Boolean unify what can be and ignore problems

One thing that is incredibly tedious with Rhino is to boolean unify a lot of objects.

In my case, I somethimes need to create a single polygon of a model of jewelry for 3D printing a mock-up. Sometimes I want to unify the gems of a pave, the prongs, really hundreds of polysurfaces.

I usually have a hard time doing that because I can’t select eveything and click boolean union, because every time one of the polysurfaces can’t be unified with another polysurface. It doesn’t matter if it’s just one on hundreds, the function aborts and return "Boolean union failed.", giving no clue what polysurface is causing the problem. As a result, the workaround is to unify by batch of 5 polysurfaces, and everytime it fails try again with each of the five until you find the one causing a problem by elimination. If you already had complex geometries, it can take ages to process a file like this.

I would much prefer that the boolean union command unify what can be, and return an error message telling me that “x objects couldn’t be unified”.

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ABSOLUTELY! Is there some reason why it’s a big deal to do this? Perhaps the failed objects could emerge selected, or at least color highlighted.

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Hello - the Boolean* mechanism does not really support that - it does not test every intersecting pair. If you go after it in stages though, you can generally get the working parts unioned and locate the problem areas.


Yes I imagine that your current implementation of boolean union does not test every intersecting pair, my point is that I would love it if it did ( and apparently I’m not alone, see @AlW comment ). I don’t know how your boolean union is coded, but I’m pretty sure that if it can know that the whole operation failed, then it can be a recursive function that repeat itself for every pair to unify. Yes it may be longer, but it may be an option as well, or even a separate function in the UI. Anyway I doubt it will be longer than the hour I spent yesterday trying to unify my 300+ polygons.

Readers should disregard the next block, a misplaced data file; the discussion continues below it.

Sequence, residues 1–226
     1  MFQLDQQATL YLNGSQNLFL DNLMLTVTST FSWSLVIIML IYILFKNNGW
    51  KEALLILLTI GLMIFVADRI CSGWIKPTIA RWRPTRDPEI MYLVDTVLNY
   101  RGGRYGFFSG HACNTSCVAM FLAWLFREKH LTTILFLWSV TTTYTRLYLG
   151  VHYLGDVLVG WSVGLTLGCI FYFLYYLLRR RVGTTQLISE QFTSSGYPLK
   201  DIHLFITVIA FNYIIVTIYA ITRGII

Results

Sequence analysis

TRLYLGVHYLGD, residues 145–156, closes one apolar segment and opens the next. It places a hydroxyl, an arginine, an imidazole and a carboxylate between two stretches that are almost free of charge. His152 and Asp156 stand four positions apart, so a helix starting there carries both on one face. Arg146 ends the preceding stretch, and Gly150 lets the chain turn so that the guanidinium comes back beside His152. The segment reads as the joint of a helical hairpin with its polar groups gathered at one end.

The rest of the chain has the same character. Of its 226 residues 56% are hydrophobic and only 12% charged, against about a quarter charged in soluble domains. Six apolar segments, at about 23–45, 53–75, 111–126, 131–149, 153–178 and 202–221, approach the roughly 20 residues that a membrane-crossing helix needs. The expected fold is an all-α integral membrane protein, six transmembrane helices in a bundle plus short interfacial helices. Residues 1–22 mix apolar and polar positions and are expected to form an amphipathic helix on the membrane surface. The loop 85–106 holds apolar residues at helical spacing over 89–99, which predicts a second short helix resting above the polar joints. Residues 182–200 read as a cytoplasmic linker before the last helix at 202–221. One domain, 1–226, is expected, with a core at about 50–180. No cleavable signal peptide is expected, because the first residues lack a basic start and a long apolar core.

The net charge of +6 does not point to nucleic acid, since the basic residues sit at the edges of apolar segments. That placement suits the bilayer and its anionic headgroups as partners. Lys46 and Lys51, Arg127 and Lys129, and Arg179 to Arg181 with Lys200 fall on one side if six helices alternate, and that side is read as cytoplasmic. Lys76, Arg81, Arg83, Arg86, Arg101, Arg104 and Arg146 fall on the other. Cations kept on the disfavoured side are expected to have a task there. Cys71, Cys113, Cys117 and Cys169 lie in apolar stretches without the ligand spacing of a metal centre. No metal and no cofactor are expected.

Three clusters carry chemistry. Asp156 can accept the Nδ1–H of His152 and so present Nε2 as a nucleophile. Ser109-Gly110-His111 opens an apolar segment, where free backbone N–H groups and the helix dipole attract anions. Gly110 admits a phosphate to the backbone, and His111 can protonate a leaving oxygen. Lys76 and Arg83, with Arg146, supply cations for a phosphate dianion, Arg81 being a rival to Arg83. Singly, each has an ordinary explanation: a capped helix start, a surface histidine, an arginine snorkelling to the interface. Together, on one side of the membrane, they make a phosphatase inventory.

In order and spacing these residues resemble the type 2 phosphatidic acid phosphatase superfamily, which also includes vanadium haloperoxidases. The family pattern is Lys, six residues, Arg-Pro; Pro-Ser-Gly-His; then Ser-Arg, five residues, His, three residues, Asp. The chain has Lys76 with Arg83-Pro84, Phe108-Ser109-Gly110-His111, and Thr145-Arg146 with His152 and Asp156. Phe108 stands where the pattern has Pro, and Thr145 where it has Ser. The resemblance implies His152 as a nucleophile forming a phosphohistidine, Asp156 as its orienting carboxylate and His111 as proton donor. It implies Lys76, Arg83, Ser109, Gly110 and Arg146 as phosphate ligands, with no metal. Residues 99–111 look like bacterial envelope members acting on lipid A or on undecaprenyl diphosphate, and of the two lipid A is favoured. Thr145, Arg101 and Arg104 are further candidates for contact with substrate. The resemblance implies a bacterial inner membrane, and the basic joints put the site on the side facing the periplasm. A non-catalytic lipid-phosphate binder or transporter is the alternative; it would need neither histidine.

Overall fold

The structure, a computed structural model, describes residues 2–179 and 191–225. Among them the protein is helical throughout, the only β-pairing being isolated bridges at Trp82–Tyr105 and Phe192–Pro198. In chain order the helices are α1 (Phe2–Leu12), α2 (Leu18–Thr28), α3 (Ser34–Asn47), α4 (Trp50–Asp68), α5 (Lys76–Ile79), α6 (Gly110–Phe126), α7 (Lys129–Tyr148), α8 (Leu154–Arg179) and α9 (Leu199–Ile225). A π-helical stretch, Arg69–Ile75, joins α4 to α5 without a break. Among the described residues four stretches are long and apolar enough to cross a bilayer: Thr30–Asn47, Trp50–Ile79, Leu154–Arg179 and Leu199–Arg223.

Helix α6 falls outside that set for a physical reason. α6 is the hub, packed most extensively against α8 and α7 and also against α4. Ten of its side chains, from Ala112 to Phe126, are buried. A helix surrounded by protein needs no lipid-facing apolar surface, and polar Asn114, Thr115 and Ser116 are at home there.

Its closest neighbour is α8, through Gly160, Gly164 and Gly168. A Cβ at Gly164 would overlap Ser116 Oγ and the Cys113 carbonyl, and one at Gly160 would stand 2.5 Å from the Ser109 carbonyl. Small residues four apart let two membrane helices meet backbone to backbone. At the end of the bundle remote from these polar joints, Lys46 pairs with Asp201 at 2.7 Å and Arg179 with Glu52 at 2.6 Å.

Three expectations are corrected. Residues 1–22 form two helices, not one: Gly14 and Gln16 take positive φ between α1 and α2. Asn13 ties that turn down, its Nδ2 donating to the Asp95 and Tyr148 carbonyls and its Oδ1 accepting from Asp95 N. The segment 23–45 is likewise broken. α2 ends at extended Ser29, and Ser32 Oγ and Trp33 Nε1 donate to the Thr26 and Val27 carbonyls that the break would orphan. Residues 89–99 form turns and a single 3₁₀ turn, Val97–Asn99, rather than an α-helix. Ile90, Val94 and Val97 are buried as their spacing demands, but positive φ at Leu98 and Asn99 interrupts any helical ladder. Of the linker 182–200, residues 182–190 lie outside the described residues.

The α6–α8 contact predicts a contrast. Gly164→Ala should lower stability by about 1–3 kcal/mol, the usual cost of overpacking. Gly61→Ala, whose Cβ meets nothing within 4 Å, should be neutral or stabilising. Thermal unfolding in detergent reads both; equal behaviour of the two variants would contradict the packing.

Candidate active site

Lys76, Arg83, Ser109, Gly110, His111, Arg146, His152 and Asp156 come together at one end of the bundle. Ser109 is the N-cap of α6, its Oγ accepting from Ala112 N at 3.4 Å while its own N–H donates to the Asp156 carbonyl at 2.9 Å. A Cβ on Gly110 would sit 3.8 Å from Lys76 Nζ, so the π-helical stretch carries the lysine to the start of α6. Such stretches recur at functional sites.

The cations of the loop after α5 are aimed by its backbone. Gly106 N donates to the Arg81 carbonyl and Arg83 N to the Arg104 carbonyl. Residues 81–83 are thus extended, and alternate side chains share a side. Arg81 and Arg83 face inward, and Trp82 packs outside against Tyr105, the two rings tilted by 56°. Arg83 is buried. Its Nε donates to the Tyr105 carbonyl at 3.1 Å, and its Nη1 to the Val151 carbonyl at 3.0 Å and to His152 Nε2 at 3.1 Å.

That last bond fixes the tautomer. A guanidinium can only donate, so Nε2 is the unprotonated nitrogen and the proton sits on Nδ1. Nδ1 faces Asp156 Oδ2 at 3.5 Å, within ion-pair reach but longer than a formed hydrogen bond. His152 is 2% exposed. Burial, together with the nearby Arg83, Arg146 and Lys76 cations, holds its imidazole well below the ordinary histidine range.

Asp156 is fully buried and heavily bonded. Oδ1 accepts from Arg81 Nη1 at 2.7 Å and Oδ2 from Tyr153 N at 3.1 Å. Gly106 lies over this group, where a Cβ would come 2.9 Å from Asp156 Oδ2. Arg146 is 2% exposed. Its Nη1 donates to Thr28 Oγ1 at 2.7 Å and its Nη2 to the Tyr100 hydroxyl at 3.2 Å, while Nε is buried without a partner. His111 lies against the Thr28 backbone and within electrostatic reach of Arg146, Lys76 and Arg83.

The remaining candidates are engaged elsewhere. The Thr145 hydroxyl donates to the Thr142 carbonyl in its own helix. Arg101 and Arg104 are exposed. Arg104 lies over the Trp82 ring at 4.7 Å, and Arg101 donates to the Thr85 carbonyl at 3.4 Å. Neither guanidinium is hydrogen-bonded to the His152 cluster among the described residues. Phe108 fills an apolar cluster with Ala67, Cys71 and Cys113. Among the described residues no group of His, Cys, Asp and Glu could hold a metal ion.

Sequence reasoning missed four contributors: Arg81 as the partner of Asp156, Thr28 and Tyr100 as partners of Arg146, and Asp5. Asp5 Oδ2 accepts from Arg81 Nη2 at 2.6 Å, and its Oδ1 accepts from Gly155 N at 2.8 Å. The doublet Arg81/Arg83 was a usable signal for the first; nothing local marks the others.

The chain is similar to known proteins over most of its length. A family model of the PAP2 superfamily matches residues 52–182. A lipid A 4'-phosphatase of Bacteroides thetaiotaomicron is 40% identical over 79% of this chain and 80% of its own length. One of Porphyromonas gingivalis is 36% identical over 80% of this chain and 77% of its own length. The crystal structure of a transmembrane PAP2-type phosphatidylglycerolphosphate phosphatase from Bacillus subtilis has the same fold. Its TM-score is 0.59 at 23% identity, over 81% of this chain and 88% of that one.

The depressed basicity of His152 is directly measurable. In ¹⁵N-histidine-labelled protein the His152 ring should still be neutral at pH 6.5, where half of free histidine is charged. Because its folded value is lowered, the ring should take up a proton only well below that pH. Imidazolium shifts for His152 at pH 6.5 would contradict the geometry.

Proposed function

dear @felix.mariotto
your approach can be implemented by a simple script - some kind of “stepwise” boolean-union, that tests first for intersection and then tries to boolean union - if it is a professional context send me a private message.
… are you on mac or windows ?
Another option might be to check the settings / capacity / preferences of your slicer / 3d-printer software. Some slicers accept unjoined Mesh-Volumes - as they only look at the geometry on a level by level basis.
Did you try to send multiple Mesh-Objects to your printer ?

best -tom

Hi Felix -

I’ve thrown this feature request on the list as RH-61699. I would say that this sounds like a new command… It is very likely that many different combinations of objects would be possible. Would you expect this to go through all possible combinations and return the fewest groups of merged objects, return the largest new object, …?

As @Tom_ mentions, it is very well possible that you don’t have to boolean union any objects at all for this purpose.